John 20:22 And when he had said this, he breathed on them and said to them, “Receive the holy Spirit. Whose sins you forgive are forgiven them, and whose sins you retain are retained.”

What a tremendous, strictly divine display of mercy and love! How blessed we are to have our God made Himself so easily available under the humble species of Bread and Wine in Holy Communion. And what a tremendous, strictly divine display of mercy and of love to have at our disposal those men, chosen by Jesus himself, to forgive sins and to bring peace to our pained and confused hearts!

So, those of us who avail themselves of the Sacrament of Reconciliation whenever their hearts are wounded and confused, should pity also those Catholics who, for whatever reason, (all silly, foolish, baseless reasons of course) have not gone to confession in over a year. Don’t they see the connection between those fears that keep them living behind locked doors and their sins?

To the extent that we feel visited by the Risen Lord, we have an obligation, in Christian charity, towards these foolish brothers and sisters of ours and towards all those who, like Thomas, have missed Christ’s initial irruption into our lives. We should not be bashful in showing what transformation, what degree of freedom Christ has bestowed on us through our prayer life, meditation on his Word and through the Sacraments of the Eucharist and Reconciliation. And, if in our foolishness or missed opportunities, we have yet to experience a true incursion of divine grace in our life, I can assure you, beyond a shadow of a doubt, that Jesus is so driven and consumed by love and mercy towards us that he will do a repeat of what he did for Thomas back then.

He will come into our life for a special, personal visit. With incredible tenderness he will encourage us to touch him physically, i.e. by use of our senses: sight as with the reading of his Word, taste as in Holy Communion, hearing as in the words of absolution from our sins, touch as in holy anointing. After all, by divine decree, the Catholic Church is all about physicality.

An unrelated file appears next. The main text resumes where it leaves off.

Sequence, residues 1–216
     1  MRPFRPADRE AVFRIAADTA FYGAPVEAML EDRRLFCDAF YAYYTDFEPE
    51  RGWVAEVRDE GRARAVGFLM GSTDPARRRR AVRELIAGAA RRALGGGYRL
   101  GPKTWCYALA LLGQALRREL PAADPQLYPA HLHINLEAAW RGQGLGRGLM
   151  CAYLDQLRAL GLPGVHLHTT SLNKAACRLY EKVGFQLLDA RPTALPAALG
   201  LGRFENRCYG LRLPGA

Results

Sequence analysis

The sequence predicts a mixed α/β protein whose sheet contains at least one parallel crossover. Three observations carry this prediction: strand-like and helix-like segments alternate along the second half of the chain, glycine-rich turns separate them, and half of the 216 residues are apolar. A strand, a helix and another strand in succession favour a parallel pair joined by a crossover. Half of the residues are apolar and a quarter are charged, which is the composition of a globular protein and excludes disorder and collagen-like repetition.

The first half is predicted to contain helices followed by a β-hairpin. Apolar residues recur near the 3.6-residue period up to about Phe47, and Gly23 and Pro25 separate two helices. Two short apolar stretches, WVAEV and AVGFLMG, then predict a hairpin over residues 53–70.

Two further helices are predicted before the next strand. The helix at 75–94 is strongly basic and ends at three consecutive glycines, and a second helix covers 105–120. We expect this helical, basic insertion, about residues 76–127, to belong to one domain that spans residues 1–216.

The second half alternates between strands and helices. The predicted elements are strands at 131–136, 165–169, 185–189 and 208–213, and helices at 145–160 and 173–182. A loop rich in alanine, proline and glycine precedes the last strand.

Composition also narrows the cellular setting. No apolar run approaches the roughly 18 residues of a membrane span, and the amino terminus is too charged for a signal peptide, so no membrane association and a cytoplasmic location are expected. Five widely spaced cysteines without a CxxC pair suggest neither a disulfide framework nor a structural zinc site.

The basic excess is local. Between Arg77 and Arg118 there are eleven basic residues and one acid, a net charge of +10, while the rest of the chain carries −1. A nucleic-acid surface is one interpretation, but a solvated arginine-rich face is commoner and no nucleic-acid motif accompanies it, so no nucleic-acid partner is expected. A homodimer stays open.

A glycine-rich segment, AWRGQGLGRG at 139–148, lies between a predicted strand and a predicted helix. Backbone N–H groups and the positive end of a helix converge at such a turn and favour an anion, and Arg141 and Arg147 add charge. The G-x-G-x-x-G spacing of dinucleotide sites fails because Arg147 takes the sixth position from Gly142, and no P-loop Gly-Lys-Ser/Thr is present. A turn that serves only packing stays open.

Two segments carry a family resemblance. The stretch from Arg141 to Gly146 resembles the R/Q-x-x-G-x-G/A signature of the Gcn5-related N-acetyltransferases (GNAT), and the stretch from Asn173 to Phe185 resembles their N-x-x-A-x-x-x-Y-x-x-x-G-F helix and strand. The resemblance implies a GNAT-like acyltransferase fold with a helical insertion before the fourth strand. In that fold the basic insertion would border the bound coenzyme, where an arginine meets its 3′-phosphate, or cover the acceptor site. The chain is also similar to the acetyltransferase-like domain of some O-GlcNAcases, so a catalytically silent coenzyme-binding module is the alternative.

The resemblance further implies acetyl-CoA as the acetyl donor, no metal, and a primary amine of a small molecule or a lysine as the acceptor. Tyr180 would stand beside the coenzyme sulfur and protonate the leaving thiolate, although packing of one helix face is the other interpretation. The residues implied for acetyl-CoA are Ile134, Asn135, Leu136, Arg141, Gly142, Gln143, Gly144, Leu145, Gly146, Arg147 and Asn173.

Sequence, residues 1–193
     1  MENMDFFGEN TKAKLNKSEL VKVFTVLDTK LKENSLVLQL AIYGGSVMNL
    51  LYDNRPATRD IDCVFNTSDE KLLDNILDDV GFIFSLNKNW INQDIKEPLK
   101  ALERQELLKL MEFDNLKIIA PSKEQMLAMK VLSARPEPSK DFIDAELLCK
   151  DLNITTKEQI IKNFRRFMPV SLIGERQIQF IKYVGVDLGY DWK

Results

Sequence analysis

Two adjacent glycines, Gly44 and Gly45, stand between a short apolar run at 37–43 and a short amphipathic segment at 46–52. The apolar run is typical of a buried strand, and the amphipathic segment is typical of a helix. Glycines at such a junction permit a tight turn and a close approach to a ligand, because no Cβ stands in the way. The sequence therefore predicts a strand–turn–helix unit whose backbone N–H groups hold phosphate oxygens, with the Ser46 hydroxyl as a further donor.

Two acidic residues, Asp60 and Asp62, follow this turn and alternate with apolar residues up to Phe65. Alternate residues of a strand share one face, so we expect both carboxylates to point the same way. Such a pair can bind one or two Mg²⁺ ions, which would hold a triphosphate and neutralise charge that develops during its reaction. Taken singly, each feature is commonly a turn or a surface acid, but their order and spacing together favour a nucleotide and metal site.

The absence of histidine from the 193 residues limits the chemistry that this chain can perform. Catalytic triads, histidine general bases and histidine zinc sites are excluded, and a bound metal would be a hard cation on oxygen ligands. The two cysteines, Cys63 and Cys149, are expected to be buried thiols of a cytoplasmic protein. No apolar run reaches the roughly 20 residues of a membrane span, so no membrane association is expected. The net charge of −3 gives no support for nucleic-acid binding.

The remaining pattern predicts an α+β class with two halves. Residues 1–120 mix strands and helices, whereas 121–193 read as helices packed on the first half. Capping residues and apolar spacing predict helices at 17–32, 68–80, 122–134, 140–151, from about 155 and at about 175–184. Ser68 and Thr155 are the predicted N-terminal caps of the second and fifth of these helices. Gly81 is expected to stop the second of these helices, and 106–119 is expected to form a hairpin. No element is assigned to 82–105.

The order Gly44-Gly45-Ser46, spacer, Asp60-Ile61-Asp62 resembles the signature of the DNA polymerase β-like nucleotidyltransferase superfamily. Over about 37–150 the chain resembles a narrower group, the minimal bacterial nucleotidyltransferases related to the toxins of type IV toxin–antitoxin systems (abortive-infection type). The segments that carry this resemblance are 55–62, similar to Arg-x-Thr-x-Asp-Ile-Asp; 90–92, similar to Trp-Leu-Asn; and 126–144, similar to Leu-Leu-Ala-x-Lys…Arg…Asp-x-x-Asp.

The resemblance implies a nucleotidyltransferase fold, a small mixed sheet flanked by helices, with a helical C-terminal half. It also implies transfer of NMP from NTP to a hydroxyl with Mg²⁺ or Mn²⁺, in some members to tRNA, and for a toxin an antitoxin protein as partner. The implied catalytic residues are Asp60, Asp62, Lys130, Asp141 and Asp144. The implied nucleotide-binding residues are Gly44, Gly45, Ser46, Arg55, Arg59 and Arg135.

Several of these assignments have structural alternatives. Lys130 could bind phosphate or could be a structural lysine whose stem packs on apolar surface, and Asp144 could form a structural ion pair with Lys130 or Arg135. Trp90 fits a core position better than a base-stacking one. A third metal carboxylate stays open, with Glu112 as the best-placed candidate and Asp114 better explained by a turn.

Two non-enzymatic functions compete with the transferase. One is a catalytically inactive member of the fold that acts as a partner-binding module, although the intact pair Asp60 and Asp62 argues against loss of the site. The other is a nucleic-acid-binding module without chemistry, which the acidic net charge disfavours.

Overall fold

Before the light of revealed truths, before the grasping of dogmas, before moral teachings and the law of love itself, she offers us her divine Lord as God in human flesh, touching and healing our human flesh. It is all about physicality on account of the Incarnation. Like Thomas, may we consider ourselves blessed for believing all that God has gifted us beyond what our senses have first perceived!

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Written by
Fr Dino Vanin

REVEREND DINO VANIN, PIME was born in Cendon di Silea, Province of Treviso, Italy in 1946. He entered the PIME Seminary at Treviso at the tender age of eleven. He came to the U.S. in 1968, studying Theology at Darlington Major Seminary in New Jersey. He has an MA in Secondary School Administration from Seton Hall University. Ordained in 1972, he served as an administrator, teacher, rector and principal at the PIME High School Seminary in Newark, Ohio before being sent to the missions of Thailand, where he served for six years. He is currently the Treasurer of the U.S. Region of PIME in Detroit. On December 16, 2018 he was installed as Pastor of San Francesco Catholic Church in Clinton Township, MI. Every week he takes some time off from his parish ministry to do some administrative work at PIME headquarters in Detroit. Due to his increased workload at the parish while continuing as Treasurer of the U. S. Region of PIME and as counselor and spiritual director, he spends any time left doing a little woodworking.

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1 comment
  • Thank you Fr. for a beautiful , thoughtful,stirring article. Locked doors…locked hearts & hands…Come,O Holy Spirit…renew the face of the earth! Fr., the paragraph beginning with “To the extent…” is so thought provoking with the use of words like irruption and incursion, you’ll have me dwelling on this paragraph the rest of the day! God bless you!

Written by Fr Dino Vanin